This week, we are sharing the impact our loss(es) had on our marriage. (My original post can be viewed here.)
Losing Carleigh was not our first experience in losing a child. Before Anthony and I were married and not long after we got together I found out I was pregnant. We made a very poor and hasty decision to end the pregnancy. While most couples who choose abortion don’t stay together, we did. Over the years our grief over losing Jordan took its toll, mostly on myself. We worked through it and found forgiveness and healing.
Finding out Carleigh wouldn’t live was devastating for us. We never imagined having to deal with a fatal diagnosis for our unborn child. We didn’t talk a whole lot about the whole situation. I’ve never been much of a talker of feelings. I tend to be able to write things out much better. When our dr first gave us the options of what to do I didn’t even consult Anthony. I knew that I would carry to term and there was nobody, even my husband, who was going to change my mind. I think we both knew that I could never make the choice to end the life of my child after having done so with Jordan.
The night we got the diagnosis we went to sleep holding each other. Something we hadn’t done for a long time.
We had a MFM appointment just 2 days after finding out and it was at this appointment that Anthony asked me if I would induce early, perhaps around 30 weeks. I told him no. The dr that came in the ultrasound room spoke incorrectly about what would happen and I think it scared Anthony as he was fearful for my own life. Once I told him that the dr was incorrect (and he most certainly was!) he felt much better about carrying to term. I also think suggestions he heard from people who didn’t know anything about my daughter’s diagnosis weighed on his mind when he asked me. Sometimes it was easy for me to forget that Anthony didn’t know as much as I did about anencephaly and the medical field in general.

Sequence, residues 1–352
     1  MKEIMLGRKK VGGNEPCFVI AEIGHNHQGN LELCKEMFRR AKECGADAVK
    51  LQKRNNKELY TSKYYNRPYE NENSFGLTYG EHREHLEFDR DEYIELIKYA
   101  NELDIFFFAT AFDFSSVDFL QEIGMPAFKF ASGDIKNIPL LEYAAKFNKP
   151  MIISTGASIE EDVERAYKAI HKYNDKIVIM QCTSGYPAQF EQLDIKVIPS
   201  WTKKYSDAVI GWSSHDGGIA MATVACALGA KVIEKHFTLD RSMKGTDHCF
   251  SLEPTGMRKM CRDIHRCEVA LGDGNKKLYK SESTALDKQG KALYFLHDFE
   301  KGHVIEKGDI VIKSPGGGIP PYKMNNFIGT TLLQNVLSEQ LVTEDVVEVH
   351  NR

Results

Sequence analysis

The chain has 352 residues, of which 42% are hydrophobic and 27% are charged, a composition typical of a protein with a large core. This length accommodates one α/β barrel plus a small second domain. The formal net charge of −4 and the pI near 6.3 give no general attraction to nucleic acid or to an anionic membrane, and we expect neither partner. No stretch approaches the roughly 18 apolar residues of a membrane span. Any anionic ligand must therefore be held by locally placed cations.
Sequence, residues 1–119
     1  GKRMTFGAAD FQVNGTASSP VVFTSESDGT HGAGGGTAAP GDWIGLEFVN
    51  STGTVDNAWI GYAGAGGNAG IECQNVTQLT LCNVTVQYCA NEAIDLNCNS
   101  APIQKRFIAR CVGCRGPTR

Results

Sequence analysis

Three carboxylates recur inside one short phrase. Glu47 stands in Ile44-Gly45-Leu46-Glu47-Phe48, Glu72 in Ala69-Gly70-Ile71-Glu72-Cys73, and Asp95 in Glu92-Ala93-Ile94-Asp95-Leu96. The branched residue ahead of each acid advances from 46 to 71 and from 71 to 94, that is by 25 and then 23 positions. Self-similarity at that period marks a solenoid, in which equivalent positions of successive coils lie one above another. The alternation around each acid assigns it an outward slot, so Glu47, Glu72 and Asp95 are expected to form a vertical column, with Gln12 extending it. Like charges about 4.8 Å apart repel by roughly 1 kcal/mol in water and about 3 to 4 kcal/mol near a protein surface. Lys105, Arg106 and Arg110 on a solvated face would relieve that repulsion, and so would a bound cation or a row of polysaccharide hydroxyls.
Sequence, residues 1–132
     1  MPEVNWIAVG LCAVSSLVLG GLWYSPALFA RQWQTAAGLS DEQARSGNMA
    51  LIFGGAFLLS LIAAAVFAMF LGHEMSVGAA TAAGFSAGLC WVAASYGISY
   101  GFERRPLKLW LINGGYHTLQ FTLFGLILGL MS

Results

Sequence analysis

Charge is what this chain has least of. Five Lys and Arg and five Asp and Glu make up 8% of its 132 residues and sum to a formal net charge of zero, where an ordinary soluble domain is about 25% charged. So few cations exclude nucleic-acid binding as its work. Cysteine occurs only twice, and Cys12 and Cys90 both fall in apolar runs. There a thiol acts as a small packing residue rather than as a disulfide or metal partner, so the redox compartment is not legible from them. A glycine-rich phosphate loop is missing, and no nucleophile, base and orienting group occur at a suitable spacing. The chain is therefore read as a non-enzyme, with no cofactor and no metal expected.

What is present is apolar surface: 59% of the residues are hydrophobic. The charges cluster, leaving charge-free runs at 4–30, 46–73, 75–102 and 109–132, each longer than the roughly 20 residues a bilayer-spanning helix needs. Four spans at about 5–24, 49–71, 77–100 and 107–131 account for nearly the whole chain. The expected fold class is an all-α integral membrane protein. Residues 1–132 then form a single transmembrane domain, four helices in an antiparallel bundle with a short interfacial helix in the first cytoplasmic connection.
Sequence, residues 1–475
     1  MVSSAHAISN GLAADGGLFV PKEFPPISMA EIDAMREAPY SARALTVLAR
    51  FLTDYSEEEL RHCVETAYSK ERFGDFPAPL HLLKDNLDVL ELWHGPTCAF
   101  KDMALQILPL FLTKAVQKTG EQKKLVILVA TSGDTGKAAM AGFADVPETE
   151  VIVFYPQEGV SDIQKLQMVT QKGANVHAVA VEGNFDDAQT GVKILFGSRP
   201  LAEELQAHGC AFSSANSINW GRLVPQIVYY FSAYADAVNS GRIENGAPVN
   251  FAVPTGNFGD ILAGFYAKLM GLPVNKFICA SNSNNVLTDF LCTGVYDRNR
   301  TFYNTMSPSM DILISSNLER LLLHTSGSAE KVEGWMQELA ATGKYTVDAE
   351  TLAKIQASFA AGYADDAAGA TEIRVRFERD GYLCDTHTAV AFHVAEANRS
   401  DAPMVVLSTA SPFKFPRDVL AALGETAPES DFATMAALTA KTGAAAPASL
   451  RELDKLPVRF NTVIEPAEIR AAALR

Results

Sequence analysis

The rest of my pregnancy with Carleigh was a planning period for her arrival. Anthony let me make most of the decisions. I think he knew it was important to me. He never objected to the things I wanted to do to make memories. He supported me and would be my sounding board when I was unsure.
I’ve kept a lot of my grief inside of me and have used my blog as an outlet for my feelings. I know Anthony at times has wished I would be more open and talk to him about what I’m feeling but it’s not easy for me to do that.
I am grateful that Anthony has let me do what I feel led to do to honor Carleigh and remember her. I’m sure at times he has thought I was a little crazy but no matter what he supports what I do.
Carleigh’s 3rd birthday is just over a month away. These days we don’t talk about her a lot but I know we both still love her and miss her. For me, I still think of her every day. I know she’ll never be forgotten by us. I still have grief moments and I’m sure Anthony does too, though I don’t think quite often as me. I believe that since I am the one that carried Carleigh for so many months and knew her in a way that no one else could that there is going to be a level of grief that no one but myself can experience or understand, not even my husband.